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I’m delighted to have a poem and an interview in the latest Rattle Magazine. This interview is not one I conducted but one that was done with ME! And it was the best one anyone has ever done with me. Thank you Tim Green for taking the time to ask some good questions and for featuring me in Rattle.

I love that the edition has a feature on POstcard POetry and also delighted to see some friends and POPO people represented. Laura! Rhonda!

Here is a snippet of the conversation about my American Sentence practice/project:

TIM GREEN: I always think of poetry as a secular religion, a spiritual practice of meditating and reflecting on life. You have a book called American Sentences, and you’ve been writing an American Sentence every day—you still do that, I assume, after the book came out, right? So, it’s about like sixteen or seventeen years now…

NELSON: Twenty.

GREEN: Twenty, okay, so you’ve been writing an American sentence every day, without fail, for twenty years?

NELSON: Yeah, I fill up a lot of these little notebooks. I write the sentence, and I circle them and date them. I haven’t harvested last year’s, and I started at the beginning of 2001, on January 1, 2001, to get a head start on a SPLAB workshop on short forms that Ginsberg espoused for our Allen Ginsberg Memorial Poetry Marathon. Anne Waldman and Andrew Schelling were the facilitators of that, and then I didn’t get to take the workshop because I had to work at the NPR station that day. [laughs] But I didn’t stop, and got the book out, as you alluded to, American Sentences, and still write one every day. I pretty much do it for myself. They may be short journal entries or other things that other people wouldn’t get. If you know the background of a poem, you’re going to get more out of it. I have a seven-year-old daughter and she said yesterday, “When Bhakti and I are dead, our adjacent tombstones will say, ‘They loved tacos.’ [both laugh] Why a seven-year-old would think that’s an appropriate epitaph, I don’t know! But you know it’s something I’m going to write down. It’s not up there on the level of Basho or Issa, but it’s a little slice into my life. It’s like Ginsberg describing his photography—his photographs “captured the shadow of the moment.” I think the best short poems in this form do that for me.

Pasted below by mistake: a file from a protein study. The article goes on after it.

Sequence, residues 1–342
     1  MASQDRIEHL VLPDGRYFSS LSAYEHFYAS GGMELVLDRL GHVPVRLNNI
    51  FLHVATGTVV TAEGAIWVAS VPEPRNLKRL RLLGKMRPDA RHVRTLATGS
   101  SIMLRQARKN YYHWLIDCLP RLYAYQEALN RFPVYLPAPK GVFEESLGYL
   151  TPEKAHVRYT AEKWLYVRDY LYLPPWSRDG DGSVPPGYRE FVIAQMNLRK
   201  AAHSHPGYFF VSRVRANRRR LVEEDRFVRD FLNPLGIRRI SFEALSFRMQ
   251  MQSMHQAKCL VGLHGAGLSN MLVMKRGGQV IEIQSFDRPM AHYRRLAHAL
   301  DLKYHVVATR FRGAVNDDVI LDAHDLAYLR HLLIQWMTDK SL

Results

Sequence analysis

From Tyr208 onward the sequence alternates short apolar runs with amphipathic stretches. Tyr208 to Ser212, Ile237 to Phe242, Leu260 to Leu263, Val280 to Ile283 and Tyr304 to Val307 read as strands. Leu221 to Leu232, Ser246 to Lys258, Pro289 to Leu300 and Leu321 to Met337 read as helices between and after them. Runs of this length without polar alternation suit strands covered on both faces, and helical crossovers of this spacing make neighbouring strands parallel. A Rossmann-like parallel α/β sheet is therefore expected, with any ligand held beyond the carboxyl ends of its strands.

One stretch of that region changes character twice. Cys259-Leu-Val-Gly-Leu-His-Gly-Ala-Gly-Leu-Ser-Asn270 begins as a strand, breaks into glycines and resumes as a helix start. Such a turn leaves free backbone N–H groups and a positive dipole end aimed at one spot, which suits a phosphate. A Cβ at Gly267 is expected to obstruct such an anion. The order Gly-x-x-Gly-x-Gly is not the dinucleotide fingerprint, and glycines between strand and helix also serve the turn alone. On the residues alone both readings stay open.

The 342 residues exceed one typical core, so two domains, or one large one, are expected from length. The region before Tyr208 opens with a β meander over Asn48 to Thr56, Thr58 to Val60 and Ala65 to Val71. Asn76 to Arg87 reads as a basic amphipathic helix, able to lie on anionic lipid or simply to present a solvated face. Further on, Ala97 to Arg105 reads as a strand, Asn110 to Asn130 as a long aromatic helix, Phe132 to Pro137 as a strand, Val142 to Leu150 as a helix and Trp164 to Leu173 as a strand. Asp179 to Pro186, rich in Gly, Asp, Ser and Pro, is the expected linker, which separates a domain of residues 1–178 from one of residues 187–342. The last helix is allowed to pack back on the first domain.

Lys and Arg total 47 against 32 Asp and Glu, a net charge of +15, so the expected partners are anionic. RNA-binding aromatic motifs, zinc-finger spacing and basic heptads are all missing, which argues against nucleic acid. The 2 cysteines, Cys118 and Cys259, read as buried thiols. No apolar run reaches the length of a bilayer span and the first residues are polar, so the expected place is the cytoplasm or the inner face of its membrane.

GREEN: I love that phrase, “the shadow of the moment.” I haven’t heard it put that way, but that’s exactly it. Do you find that it enhances your experience of your own life? It seems like it would. If you’re always looking for something to appreciate or looking for something to notice that must fundamentally change your mental processes as you got throughout the day, right?

NELSON: It heightens your perception. You find that a lot of these lines end up in the longer poems. Lately I’ve been writing prose sonnets, and these images stick with you. And then they mark things in your consciousness, like remembering the person I was married to in the situation of a dirty refrigerator, how it took from Thanksgiving ’til January 9th, I think it was—the American Sentence goes something like, “Would her Thanksgiving stuffing have been this hard to flush had we eaten it” [both laugh]. It was frustration with a partner who was not interested in eating the leftovers or cleaning them up, so there’s a little bit of charge to it, and the charge I think lent itself well to poetry. That person, the mother of my youngest child, at first she’s like, “don’t be bringing THAT up,” and then I would read it in public and people would just break out laughing, so now she’s like, “Read the Thanksgiving one!” [both laugh]